Why Our Work Matters
When we were kids, we were probably asked the question “what do you want to be when you grow up?” Some of us are doing what we said we’d do in third grade. But as we age, no matter whether we are doing what we always wanted, or ended up doing another job, sometimes it can be hard to see the difference we make in our jobs. On top of that, sometimes we may look at them as quite hard too. But most of us do them despite the challenges of schooling and training, and the ongoing effort a job requires. So why?
More and more today we live in an incredibly busy world. People often work jobs that weren’t their first choice; they have families to care for and more work after their work day ends; some are students who go to school to get work handed to them for which they pay tuition to receive, only to have to rush to an after-school job and go home to do more work. And then we get the job and find there’s busy work, office gossip, mundane aspects to the job, or a whole lot more stress than what we thought it would be. With all that in mind though, work is a good thing.
I think so often it can be tempting to think what we do doesn’t have value. What I mean by that is many people work in a large office or a cubicle, and rarely get a “thank you” for the hours they put in. And so many come home to shuttle kids from an appointment to a sports practice and then spend time helping a son or daughter with homework, but might rarely get a “thank you” for it. But yet, they do it day after day after day. Why is that?
Well, for one, a closer look might reveal not all is horribly bleak. Many people care about what they do and want to make a difference. And in many positions, while it can be at times unsatisfying, I think people may stay at them because they see themselves making a difference too. This was something important to Saint Paul, as he states that those who do not work should not eat, meaning that through or work we make a contribution to the community.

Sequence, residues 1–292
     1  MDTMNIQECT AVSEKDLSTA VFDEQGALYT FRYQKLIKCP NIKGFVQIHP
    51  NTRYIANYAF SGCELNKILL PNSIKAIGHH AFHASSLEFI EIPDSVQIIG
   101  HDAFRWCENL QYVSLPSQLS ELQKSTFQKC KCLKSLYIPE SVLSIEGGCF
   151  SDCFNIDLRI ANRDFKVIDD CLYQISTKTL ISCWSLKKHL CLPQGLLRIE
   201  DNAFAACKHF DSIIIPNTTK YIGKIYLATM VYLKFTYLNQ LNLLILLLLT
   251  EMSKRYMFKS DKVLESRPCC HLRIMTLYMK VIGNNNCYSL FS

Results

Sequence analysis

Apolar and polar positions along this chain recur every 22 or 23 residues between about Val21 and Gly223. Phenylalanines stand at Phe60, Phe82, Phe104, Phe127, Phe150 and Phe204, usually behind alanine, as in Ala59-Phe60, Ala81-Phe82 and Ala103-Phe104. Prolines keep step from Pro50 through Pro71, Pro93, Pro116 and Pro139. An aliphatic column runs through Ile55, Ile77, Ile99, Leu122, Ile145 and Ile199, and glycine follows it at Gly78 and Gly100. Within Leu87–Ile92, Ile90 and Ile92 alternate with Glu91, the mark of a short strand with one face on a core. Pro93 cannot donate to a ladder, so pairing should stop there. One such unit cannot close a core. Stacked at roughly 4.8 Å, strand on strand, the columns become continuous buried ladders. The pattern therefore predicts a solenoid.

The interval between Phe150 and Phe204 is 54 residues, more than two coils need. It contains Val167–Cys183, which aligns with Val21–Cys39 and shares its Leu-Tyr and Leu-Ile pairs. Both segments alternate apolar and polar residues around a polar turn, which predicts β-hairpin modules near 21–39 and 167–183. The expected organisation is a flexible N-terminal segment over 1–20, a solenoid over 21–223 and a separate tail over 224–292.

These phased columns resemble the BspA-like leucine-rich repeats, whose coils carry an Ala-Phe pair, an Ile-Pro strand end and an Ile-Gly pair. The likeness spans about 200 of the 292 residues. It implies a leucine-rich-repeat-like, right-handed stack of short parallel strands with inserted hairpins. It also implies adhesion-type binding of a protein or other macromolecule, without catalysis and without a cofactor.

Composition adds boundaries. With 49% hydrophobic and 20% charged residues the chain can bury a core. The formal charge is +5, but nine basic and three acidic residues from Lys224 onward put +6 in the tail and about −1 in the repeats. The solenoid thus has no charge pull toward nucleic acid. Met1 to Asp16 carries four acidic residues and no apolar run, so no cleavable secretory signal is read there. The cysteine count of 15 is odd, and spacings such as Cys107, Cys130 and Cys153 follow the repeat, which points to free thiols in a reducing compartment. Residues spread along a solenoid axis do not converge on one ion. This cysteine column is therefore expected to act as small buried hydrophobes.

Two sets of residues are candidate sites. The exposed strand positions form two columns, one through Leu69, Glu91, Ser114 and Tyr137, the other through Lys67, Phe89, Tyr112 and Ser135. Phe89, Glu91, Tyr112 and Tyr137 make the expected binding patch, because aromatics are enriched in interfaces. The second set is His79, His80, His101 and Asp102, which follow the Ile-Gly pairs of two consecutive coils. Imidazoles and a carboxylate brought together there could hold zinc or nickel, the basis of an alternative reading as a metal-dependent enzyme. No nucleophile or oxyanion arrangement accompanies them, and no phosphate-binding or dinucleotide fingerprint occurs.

For another, people take up their cross, which is what the disciple must do as we heard a couple of weeks ago at Mass. In Saint John Paul II’s encyclical on human labor, he points out how we participate in the work of the Creator and the Redeemer in that we imitate God in working and resting, and that “He shows himself a true disciple of Christ by carrying the cross in his turn every day in the activity that he is called upon to perform.” I think that is so evident in how so many people give of their time, even when they do not want to, because they recognize that their job is important for their company, for themselves if they are going to be a productive member of society, and for those who rely on them.
And finally, we also can’t forget how our actions speak so loudly. We might not think about it, but through our labor, we not only take up our Cross, but serve as a proclaimer of the Gospel. As I reflect on my parents growing up, I was born when they were in their early 20s. Both worked jobs that probably wouldn’t have been their first choices, but they kept a roof over my head and food on our family’s table. And being we lived in an existing home in North Minneapolis and both had elderly parents, that meant they were doing things always around the house to improve it, and helping out my grandparents by doing such things for them as driving them to the store in the winter, or mowing their lawn for them. On top of this there was all of the home maintenance and bringing up two kids. Their work never ended. Through how they have lived and continue to live their lives, they’ve shown me how important work is in that it has a place, has dignity, and really makes a difference.
So, for all of you who ever sat in a traffic jam, for all of you who have gotten out of bed when you would have rather slept in, for all of you who took your son or daughter to softball practice after your long day, and for all of you who spent time getting comfortable with fractions rather than the TV at the end of a long day: thank you!
And, also a big thank you to the many people here at our parish family who work so hard behind the scenes. Because of them, the facility looks great and is maintained; we have a balanced budget; we have parish events; we have a vibrant faith formation program and opportunities for youth; we have an excellent school, and a parish that is so alive. What a joy and blessing it is to work with such an amazing staff.
Yes, work is a good thing. But when those inevitable moments come where it seems like you never get any respect or thanks, or when you think back to when you were 10 and wanted to be the starting quarterback for the Vikings of movie star only to be sitting on the freeway on a cold January morning, never fall for the lie that what you do doesn’t matter, because it does. No matter what it is you do in life, everyone who has ever worked makes a real difference in the world by helping society to improve and helping others who rely on them, but so too by being a true evangelist and a beacon to others of faith in action. Your work matters – and my hope too is that you don’t let it consume your life, but also make time for rest, family and friends. Hopefully we remember that and strive to live the balanced life, and take Labor Day and celebrate the fact that through our work, we transform the world and also help show one another what the faith is all about.
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